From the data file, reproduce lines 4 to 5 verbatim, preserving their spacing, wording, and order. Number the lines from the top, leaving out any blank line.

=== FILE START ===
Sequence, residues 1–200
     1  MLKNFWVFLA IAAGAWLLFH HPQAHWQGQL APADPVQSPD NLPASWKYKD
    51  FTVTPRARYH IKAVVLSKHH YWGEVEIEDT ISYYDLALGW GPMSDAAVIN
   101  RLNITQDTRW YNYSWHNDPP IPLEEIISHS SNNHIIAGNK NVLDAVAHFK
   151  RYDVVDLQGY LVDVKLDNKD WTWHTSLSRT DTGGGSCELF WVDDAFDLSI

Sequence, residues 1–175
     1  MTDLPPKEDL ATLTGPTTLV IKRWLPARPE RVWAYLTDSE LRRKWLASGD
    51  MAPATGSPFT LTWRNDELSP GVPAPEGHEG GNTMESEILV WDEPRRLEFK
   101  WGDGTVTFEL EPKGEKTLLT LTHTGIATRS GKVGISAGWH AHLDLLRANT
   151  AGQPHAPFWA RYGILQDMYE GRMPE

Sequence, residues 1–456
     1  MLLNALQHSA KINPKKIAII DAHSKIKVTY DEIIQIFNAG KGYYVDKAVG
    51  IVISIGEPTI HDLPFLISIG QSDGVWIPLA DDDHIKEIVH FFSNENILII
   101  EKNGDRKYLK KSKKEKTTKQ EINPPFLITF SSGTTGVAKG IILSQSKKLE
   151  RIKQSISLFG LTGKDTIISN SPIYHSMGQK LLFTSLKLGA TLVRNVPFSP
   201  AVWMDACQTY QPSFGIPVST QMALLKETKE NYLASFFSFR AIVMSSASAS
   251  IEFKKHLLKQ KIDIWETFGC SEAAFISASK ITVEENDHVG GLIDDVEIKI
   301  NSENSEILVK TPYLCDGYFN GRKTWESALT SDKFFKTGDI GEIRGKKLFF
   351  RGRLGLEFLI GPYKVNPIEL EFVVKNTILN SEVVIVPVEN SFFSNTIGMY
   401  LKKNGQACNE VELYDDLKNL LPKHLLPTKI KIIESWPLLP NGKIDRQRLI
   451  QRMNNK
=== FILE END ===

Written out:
   101  RLNITQDTRW YNYSWHNDPP IPLEEIISHS SNNHIIAGNK NVLDAVAHFK
   151  RYDVVDLQGY LVDVKLDNKD WTWHTSLSRT DTGGGSCELF WVDDAFDLSI